1071 words (3.1 pages)
- Sexual Passion in The Turn of the Screw In a criticism on Henry James’s story The Turn of the Screw, Strother Purdy suggests that large amounts of sexual passion may be assumed to exist underneath the surface of the narrative. Purdy says that under a Freudian interpretation of the story, the sexual element is easily recognized and is used as the whole source of the action. According to this theory, the governess wishes to impress her master because she is in love with him and, therefore, exceeeding her authority with the children.... [tags: Turn of the Screw Essays]
430 words (1.2 pages)
- Henry James was one of America's most brilliant and fascinating writers. He uses language to tap into the reader's subconscious and always has them wanting more. This sensation is no more prevalent than in his thriller The Turn of the Screw. In this intense psychological thriller, the main character releases her own sexual frustration into the illusions of two ghosts that haunt a quiet country manor. The Freudian Id plays out in the fantasies of Peter Quint and Mrs. Jessel and the governess's own repressed feelings overrun her every thought.... [tags: The Turn of the Screw Henry James]
1676 words (4.8 pages)
- The Shifting Narratee in The Turn of the Screw In the essay "Introduction to the Study of the Narratee," Gerald Prince discusses the interpretative value of thinking about to whom a narrative is addressed. First, he establishes what a "zero-degree narratee" (or possessor of a minimum number of specific narratee characteristics identified by Prince) is and is not: A narratee is not the actual reader, the implied reader, or the ideal reader. The narratee is beholden to the narrator, because, "Without the assistance of the narrator, without his explanations and the information supplied by him, the narratee is able neither to interpret the value of an action or to grasp its repe... [tags: James Turn of the Screw Essays]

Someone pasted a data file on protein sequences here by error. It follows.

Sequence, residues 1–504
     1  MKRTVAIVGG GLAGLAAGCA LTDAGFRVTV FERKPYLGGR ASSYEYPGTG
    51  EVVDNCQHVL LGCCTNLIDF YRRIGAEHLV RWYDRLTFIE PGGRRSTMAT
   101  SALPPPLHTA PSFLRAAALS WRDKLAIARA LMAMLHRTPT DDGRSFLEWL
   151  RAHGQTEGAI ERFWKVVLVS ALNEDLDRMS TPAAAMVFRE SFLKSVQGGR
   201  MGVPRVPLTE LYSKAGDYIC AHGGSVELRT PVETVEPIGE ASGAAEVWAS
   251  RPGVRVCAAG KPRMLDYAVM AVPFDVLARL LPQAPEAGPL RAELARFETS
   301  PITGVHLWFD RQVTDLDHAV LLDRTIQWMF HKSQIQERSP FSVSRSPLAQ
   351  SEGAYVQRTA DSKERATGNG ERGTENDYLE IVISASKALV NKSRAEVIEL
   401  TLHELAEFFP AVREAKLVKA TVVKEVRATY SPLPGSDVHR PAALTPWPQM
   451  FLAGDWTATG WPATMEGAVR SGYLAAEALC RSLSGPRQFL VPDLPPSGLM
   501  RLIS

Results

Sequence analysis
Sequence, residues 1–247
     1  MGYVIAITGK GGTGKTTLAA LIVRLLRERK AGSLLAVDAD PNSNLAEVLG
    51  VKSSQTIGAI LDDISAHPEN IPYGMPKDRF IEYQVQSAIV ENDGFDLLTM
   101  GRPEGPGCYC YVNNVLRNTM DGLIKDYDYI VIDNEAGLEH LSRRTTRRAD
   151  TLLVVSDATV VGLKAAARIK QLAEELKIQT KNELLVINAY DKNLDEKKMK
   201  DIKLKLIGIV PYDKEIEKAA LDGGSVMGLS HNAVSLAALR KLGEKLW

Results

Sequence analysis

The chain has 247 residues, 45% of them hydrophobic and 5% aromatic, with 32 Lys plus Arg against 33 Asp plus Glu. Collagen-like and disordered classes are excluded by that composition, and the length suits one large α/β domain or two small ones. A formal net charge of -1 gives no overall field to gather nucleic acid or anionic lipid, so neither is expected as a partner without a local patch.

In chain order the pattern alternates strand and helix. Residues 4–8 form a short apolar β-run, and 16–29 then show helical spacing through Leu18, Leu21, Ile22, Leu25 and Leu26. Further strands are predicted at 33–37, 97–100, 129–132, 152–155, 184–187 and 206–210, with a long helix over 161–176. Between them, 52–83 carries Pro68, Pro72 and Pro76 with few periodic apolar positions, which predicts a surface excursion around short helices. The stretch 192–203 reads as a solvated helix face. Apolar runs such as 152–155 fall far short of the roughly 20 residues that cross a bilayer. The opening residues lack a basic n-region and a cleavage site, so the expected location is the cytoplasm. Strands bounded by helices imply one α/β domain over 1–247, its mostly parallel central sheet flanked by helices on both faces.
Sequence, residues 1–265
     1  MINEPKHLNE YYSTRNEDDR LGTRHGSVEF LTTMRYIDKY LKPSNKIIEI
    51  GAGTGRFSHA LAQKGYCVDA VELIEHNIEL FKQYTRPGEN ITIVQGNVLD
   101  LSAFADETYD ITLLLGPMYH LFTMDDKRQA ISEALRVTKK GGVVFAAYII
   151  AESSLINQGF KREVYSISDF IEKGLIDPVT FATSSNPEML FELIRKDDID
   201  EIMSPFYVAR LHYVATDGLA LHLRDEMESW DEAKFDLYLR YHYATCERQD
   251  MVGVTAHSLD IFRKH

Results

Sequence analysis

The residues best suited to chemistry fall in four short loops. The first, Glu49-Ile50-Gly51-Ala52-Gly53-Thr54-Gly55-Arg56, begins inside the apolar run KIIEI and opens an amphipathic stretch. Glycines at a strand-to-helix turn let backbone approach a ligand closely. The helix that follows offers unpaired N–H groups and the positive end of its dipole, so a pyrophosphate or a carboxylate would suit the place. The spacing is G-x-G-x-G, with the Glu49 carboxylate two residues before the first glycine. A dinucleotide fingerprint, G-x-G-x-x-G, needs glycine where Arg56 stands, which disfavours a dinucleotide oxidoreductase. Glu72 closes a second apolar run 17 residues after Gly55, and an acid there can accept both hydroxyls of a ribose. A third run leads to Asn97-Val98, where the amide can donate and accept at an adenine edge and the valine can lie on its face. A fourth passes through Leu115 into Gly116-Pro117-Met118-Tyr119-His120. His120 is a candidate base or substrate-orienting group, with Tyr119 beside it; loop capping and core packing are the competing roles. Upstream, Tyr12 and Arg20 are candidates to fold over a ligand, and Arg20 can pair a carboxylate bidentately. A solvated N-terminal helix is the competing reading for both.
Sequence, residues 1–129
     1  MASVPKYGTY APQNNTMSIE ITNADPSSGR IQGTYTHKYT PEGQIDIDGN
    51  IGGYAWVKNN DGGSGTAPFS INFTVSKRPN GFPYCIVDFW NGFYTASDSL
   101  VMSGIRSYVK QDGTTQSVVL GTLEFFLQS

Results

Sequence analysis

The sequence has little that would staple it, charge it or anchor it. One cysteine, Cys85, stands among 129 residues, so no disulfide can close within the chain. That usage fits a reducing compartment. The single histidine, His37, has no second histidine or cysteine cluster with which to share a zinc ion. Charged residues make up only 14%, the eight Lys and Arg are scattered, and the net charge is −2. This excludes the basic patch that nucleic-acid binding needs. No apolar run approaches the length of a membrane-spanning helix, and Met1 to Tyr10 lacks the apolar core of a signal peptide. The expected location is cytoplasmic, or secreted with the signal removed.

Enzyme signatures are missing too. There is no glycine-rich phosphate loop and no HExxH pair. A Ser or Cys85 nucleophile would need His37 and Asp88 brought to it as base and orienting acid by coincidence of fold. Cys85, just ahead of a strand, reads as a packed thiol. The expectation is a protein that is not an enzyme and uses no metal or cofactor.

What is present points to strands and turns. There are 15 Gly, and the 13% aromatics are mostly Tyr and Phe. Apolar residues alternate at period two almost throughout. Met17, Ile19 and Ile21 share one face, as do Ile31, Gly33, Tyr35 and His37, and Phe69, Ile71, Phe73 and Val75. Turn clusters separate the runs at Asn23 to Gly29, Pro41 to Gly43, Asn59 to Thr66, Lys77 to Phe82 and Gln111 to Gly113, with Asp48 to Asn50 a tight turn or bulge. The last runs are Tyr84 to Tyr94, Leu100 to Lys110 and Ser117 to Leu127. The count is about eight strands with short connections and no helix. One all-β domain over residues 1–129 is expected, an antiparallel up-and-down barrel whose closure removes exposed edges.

908 words (2.6 pages)
- The Turn of the Screw This novel was, surprisingly, interesting. The intensely complex and intricate (if not confusing!) sentences, upon first thought, made me expect an experience of complete, utter, and total confusion; however, they served not only to keep my interest in the novel – for I had to concentrate to grasp the full, rich meaning of his thoughts – but also to create in me a sense of enjoyment, that of being enriched with the experiences of the main character so that my life and that character's became inseparable, only it occurred not only with the main character, but with the entire plot at once – all characters, all scenes (to which I shall come late), all conversations...... [tags: The Turn of the Screw Henry James]
717 words (2 pages)